SENIOR DEFENSE OFFICIAL: Nothing new over the last 48 hours. I think you know, we talked about this on Friday. They clearly have begun to prioritize now, or actually are prioritizing the Donbas area. They've -- they've as much as said so publicly, and the -- and we're seeing -- we're seeing a lot more ground activity in the Donbas. It has always been heavy fighting, but of course, they're -- you -- you can see that they are going after Ukrainian positions more in the Donbas area. We talked about them now advancing further south out of Izyum.

They -- we believe that one of the things they -- so a couple of things, and I'll just say that like we said Friday. One of the things that we think they want to do is cut off the Donbas for the sake of cutting off the Ukrainian Armed Forces that are there, pinning them down so they can't come to the defense of other places. That's one.

Two, we think it could be an attempt by the Russians to gain negotiating leverage at whatever negotiating table they end up working out a cease-fire and -- and hopefully, a peaceful settlement here if they can -- if they can establish authority and occupying presence in that part. I mean, it could be that that's what they're trying to get at here. We -- it -- it could actually be that they are reassessing now their strategic goals, because they clearly are not moving on Kyiv anymore. But we don't know that, Court, and I want to be very clear about that. It's just we -- we're not exactly sure what's behind this reprioritization. All I can tell you is what we're seeing, and what we are seeing is, you know, this continued reprioritization on the Donbas.

Phil Stewart?

Q: Hey. So two small things. One is the -- the Mayor of Mariupol has estimated 5,000 casualties or -- or -- or killed actually in the city during the -- the siege there. Do you have any -- any estimate, even if it's just vague, like in the thousands? Are there thousands of -- of casualties in Mariupol?

And then secondly, there appears to be a story coming out from the Journal that will talk about a potential poisoning of -- of Ukrainian negotiators. Just wondering if there's anything on that that you could say? Thanks.

SENIOR DEFENSE OFFICIAL: Nothing on that. That's the first I've heard of it.

And I can't give you an estimate -- I'm sorry -- an estimate of civilian casualties in Mariupol. We clearly believe that there have been but we're not able to quantify that. I know that continues to be frustrating for you all but we're being very careful about getting into estimates on -- on casualties because we just have low confidence in them, Phil. We're not on the ground, we can't see it for ourselves, and it's just difficult to wrap your arms around that kind of data.

But the only thing I'd say and at the risk of getting into editorializing here, I mean, we do see the continued, just relentless pounding on Mariupol by long range fires and airstrikes by the Russians, and we know it's having a devastating effect on the town and on the people there.

Paul Shinkman, U.S. News?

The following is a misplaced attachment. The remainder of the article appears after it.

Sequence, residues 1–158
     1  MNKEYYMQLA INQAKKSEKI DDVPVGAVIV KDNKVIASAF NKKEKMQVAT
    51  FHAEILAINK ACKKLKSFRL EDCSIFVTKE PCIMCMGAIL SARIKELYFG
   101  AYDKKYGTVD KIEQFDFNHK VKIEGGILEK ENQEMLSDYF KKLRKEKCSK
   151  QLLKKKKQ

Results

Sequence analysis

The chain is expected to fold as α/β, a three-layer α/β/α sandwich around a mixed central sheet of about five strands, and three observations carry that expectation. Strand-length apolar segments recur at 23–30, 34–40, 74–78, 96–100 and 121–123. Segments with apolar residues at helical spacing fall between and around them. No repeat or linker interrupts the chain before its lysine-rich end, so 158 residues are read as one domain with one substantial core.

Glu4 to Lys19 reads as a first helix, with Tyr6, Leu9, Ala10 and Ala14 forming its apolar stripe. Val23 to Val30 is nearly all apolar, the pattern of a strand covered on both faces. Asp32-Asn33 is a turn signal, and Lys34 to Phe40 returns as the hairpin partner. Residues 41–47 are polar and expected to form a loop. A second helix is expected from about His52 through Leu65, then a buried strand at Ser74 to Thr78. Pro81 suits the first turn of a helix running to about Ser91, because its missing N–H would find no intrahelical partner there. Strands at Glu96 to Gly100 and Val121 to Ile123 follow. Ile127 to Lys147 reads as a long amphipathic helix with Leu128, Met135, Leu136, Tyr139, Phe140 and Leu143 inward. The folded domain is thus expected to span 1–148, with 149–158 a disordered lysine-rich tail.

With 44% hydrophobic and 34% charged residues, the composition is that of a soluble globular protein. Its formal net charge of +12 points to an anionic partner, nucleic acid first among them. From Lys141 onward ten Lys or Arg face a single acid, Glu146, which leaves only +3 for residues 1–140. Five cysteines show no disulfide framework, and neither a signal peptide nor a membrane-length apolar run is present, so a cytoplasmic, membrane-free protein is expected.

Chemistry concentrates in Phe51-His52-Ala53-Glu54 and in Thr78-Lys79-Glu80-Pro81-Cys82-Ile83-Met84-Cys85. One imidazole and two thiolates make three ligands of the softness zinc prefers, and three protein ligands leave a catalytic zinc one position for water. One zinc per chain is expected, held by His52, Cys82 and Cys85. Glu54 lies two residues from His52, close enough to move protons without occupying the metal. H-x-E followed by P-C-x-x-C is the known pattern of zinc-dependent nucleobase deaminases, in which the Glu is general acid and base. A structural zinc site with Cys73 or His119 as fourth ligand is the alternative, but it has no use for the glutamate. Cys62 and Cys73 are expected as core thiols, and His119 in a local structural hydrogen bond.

Q: Yeah, hi.  Have you seen any military response to President Biden's comments over the weekend that President Putin cannot remain in power, either rhetorically from Russian commanders or in actions on the ground?

And any indications that commanders are using these comments to boost morale along their own troops? Thanks.

SENIOR DEFENSE OFFICIAL: The answer is no to both, Paul.

Barb Starr?

Q: Can -- can I come back to the Growlers for a second? [The statement said] in the very beginning the -- they weren't being used against Russian forces and the deployment was not being made in response to any crisis, [and that they fly EW, including radar jamming to suppress enemy air defenses].

So my question is this -- they suppress enemy -- adversary, enemy air defenses. There is no adversary out there but the Russians. So they're either flying (around practice?) or they're actually -- if you say they're on a deterrence mission, that means they're doing something. Can you rule out that they will actually radar -- use their radar jamming and suppress enemy air defenses? Because if you're not able to rule that out and yet you say they're a deterrence, I -- I -- I don't understand.

SENIOR DEFENSE OFFICIAL: Barb, they are there to reinforce deterrence capabilities of the alliance on the Eastern Flank, they are not there to engage Russian assets. That is not the goal. They are there, as everything else is there -- all of the other aircraft that we have devoted to this mission, including a -- in -- you know, a carrier -- a carrier air wing, which also includes the electronic warfare capability, they are there to reinforce our deterrence posture on the Eastern Flank. That is their goal.

Okay, listen, guys --

(CROSSTALK)

Q: -- really quick, (inaudible)? (Inaudible), can I just ask you -- so -- cause I think we probably all have to ask you all this everyday practically now -- any U.S. Defense Department contact with the Russians, either through the Secretary, the Chairman or senior officials?

SENIOR DEFENSE OFFICIAL: No, nothing to speak of.

(CROSSTALK)

SENIOR DEFENSE OFFICIAL: I'm sorry?

Q: Were there any efforts since -- over the weekend -- Friday, over the weekend today, to try to reach out to counterparts?

SENIOR DEFENSE OFFICIAL: No. None that I'm -- none that I'm aware of, and I would think that I'd be aware of that kind of an attempt.

Okay, listen, everybody, I know it's also a big day budget-wise so I'm going to hang up and let you get back at it. 

[CROSSTALK]

Thanks. Hopefully everybody had a good weekend. Out here.